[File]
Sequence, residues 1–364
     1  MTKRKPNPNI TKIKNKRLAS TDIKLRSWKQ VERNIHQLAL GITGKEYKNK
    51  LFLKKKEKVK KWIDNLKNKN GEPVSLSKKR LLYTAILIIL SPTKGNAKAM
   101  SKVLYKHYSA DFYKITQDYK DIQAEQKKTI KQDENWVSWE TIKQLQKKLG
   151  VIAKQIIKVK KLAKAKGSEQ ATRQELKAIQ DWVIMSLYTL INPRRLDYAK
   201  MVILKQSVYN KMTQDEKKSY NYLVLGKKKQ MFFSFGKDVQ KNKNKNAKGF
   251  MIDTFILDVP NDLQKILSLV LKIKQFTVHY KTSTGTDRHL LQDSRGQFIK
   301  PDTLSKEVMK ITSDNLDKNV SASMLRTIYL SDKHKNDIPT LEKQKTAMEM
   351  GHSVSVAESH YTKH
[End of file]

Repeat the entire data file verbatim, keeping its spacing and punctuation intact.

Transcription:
Sequence, residues 1–364
     1  MTKRKPNPNI TKIKNKRLAS TDIKLRSWKQ VERNIHQLAL GITGKEYKNK
    51  LFLKKKEKVK KWIDNLKNKN GEPVSLSKKR LLYTAILIIL SPTKGNAKAM
   101  SKVLYKHYSA DFYKITQDYK DIQAEQKKTI KQDENWVSWE TIKQLQKKLG
   151  VIAKQIIKVK KLAKAKGSEQ ATRQELKAIQ DWVIMSLYTL INPRRLDYAK
   201  MVILKQSVYN KMTQDEKKSY NYLVLGKKKQ MFFSFGKDVQ KNKNKNAKGF
   251  MIDTFILDVP NDLQKILSLV LKIKQFTVHY KTSTGTDRHL LQDSRGQFIK
   301  PDTLSKEVMK ITSDNLDKNV SASMLRTIYL SDKHKNDIPT LEKQKTAMEM
   351  GHSVSVAESH YTKH